From Piccadilly station, across the city centre, and over to Fallowfield, a buzz of anticipation spread across town, as Manchester geared up for the return of Parklife Festival. Only in its second year, Parklife has a growing reputation for a party that you won’t soon forget. If waking up in a soggy sleeping bag isn’t your style, then this urban festival offers the best of both worlds; a weekend crammed with great music, without the pain of figuring out how to set up a tent. Relatively small, with only seven venues over two days, Parklife does all it can to pack as much as possible into that short time. From the relentless beats of the Chibuku tent on Saturday, to the best sounds coming out of Manchester in the Now Wave venue on Sunday, not to mention, the massive acts lighting up the main stage; Parklife may look small, but it’s one big weekend.
Following the crowds pouring into the park on Saturday afternoon, we were welcomed by Everything Everything, giving it their all up on the main stage, to an already pumped up crowd. As we explored the rest of the park, walking past the Chibuku tent, whose heavy bass already had the place packed out, we came across the secret garden; fabric art installations by Donna Jevens and the Elephant collective, as well as bath tubs to sit in and watch as spoken word acts, and buskers perform on their own stage. This slightly surreal, dreamscape installation was alive with people enjoying a rest from the unyielding party that continued on just around the corner. If that wasn’t already enough to spark our curiosity, past the spoken word, circus acts and tunnels of love, we came across the Truly Treemendous Treehouse Stage, which housed silent disco DJ’s in a tree, as well as a dance floor and some giant vegetable seating for everyone else to enjoy.
Back to the main stage, and Beardyman had replaced Everything Everything, enchanting crowds with his almost unbelievable beat boxing skills, cross over to the Now Wave tent to catch Jamie XX start off his set, and as the audience throw themselves into the rhythms, it was hard to believe that it was only six o’clock. Katy B’s clear vocals cut across the park, and drew the crowd back to watch her perform tracks like Broken Record and Perfect Stranger, with a completely different feel to her recorded work. Live band, coupled with a small brass section gave the set a more soulful feel than her latest album allowed for.
With the sun setting over the festival main stage, and the carnival atmosphere continuing, before we knew it, debut festival headliners Two Door Cinema Club, began their electrifying set. Playing tracks from their album, Tourist History, as well as new materiel with an infectious beat, they left the crowd screaming for more. As the throng poured out of the park and into numerous after parties, we were left to wonder, how could tomorrow top a night like this?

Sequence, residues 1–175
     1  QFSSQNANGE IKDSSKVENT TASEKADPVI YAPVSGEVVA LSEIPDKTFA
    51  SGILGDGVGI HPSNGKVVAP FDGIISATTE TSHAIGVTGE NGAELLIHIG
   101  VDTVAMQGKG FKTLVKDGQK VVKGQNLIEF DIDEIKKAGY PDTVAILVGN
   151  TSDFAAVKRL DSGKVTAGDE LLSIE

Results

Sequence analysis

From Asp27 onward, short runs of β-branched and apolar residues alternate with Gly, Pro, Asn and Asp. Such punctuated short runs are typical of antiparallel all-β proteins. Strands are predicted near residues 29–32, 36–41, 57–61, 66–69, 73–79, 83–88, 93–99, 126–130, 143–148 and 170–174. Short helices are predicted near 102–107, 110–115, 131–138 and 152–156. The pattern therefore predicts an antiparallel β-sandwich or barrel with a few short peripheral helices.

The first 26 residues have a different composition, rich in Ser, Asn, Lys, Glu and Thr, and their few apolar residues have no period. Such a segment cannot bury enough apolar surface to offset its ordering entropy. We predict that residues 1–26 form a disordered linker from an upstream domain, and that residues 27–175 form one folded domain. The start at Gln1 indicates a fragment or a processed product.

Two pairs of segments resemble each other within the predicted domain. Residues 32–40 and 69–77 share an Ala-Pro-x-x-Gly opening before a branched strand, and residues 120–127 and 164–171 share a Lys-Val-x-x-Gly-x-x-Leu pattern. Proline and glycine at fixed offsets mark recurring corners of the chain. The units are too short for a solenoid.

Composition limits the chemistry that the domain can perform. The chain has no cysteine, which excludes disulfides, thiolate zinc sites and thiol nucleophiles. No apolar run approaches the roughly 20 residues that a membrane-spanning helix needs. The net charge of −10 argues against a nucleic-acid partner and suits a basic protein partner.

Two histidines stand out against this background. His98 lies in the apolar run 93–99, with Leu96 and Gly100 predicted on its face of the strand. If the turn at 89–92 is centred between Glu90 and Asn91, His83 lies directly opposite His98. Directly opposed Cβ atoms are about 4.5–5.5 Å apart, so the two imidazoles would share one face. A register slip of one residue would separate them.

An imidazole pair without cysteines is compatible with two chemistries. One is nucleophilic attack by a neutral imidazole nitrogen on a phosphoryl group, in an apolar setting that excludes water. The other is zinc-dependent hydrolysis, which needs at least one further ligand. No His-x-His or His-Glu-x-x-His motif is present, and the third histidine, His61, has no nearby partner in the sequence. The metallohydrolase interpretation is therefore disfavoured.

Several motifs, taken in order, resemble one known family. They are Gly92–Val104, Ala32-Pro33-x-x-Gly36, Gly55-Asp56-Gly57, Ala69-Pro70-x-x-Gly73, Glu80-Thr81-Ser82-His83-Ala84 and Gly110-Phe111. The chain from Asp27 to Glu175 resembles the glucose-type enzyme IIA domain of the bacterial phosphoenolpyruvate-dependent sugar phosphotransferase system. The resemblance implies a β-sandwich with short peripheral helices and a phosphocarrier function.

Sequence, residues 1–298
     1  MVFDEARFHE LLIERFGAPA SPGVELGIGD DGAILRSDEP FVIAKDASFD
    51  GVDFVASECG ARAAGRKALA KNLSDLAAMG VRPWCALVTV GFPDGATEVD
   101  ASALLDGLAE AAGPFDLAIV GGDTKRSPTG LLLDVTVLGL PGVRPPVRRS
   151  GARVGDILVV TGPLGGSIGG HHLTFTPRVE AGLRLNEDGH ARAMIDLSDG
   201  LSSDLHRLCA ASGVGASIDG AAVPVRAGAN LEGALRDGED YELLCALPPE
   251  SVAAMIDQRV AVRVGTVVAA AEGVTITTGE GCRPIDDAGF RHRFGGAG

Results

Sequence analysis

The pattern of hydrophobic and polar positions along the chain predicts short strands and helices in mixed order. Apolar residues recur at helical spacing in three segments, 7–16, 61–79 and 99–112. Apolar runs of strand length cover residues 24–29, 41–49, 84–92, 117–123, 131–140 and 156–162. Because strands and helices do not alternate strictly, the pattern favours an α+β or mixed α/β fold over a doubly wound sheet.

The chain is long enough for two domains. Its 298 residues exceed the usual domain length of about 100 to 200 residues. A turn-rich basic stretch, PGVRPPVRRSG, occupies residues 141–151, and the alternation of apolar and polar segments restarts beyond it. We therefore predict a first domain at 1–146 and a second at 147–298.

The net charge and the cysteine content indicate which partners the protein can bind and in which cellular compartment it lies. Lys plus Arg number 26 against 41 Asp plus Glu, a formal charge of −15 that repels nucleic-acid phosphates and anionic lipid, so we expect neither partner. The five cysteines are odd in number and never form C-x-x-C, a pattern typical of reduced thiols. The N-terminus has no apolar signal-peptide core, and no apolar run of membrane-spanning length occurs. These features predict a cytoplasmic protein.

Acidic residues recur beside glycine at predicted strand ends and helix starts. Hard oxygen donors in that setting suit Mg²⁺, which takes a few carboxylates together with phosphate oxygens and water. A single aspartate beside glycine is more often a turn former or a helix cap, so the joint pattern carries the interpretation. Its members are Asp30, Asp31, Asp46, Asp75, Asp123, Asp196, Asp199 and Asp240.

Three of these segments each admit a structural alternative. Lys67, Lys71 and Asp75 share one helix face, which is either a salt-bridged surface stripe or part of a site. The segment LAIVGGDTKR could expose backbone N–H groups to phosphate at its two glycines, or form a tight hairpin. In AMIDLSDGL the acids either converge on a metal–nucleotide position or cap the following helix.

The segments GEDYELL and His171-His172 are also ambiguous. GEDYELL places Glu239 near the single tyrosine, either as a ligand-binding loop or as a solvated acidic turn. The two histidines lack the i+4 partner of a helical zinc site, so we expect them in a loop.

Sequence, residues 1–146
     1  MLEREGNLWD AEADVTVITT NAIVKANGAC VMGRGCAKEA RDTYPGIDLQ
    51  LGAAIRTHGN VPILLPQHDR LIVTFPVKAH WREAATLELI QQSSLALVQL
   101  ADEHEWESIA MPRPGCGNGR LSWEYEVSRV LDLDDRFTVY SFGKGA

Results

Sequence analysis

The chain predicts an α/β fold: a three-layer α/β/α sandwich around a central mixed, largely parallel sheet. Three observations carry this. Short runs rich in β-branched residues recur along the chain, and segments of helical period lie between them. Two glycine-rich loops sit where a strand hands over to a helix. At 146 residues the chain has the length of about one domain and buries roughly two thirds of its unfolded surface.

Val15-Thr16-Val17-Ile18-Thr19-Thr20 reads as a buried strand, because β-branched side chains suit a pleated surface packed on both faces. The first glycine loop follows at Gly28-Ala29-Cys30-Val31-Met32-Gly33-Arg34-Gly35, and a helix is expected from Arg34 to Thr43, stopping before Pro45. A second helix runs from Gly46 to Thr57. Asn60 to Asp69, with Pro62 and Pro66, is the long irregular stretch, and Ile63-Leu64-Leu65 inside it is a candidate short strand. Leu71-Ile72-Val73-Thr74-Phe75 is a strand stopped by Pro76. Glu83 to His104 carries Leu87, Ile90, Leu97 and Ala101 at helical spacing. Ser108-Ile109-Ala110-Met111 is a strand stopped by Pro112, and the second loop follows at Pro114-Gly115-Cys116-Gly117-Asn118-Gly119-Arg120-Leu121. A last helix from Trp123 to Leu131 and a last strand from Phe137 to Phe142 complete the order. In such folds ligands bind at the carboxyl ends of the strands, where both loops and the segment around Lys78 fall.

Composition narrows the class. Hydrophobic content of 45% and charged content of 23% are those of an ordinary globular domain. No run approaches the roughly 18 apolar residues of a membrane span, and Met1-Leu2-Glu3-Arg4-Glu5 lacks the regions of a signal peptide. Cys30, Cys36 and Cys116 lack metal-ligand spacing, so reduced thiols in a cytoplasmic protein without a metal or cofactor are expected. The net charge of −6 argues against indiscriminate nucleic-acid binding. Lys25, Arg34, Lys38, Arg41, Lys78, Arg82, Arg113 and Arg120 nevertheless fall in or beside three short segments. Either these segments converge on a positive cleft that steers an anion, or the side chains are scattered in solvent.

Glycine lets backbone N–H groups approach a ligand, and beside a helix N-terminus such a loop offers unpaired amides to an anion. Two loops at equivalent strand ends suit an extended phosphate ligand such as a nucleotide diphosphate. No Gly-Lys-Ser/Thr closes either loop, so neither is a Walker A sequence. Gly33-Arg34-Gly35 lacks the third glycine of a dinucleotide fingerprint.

Day two broke with the sun rising over the city, but soon gave way to a more traditional UK festival climate. The rain transformed green grass pathways into mud planes, and we rejoiced as mudslides and wrestling commenced and the multitude turned from an array of colour to slimy brown. It was inevitable really, and nothing was going to get in the way of a great line up for day two.
In the Juicy tent, rammed all the way to the entrance, one of our Parklife highlights was Riot Jazz, a ten piece brass band, who pumped out a combination of punchy jazz, hip-hop, and funk beats, in true style. Making it impossible for anyone to be standing still, as tune after high energy tune blasted out in ecstasy before the rain drenched audience. The energy was astounding and just as we thought the crowd couldn’t dance any longer Broke n English took over to prove us wrong. Torn between staying to watch the set, and catching Labrinth’s debut festival appearance, we pulled ourselves away to head to the main stage, but before making it there, we crossed paths with a samba band and crowds dancing behind them.
The rain had stopped, but the mud was rising with Labrinth’s opening song to his first ever festival crowd. And after a bass heavy set from Skream & Benga, two thirds of legendary magnetic man, the air was heavy with anticipation as the crowds waited expectantly for day two main stage headliners, Chase & Status. With pounding rhythms, and heavy bass, soaring melodies, and awesome visuals, not one person was standing still as the main stage lit up for the final act of the year. And though sweat poured down their mud caked faces, the audience were swept away by a performance that kept getting better. Before leaving we popped into Now Wave to find a crowd of dancers falling in love with the crushed harmonies, and catchy melodies of Mystery Jets. And as our tired legs left Platt Field Park for the final time, we couldn’t help but think that Parklife, will only keep getting better.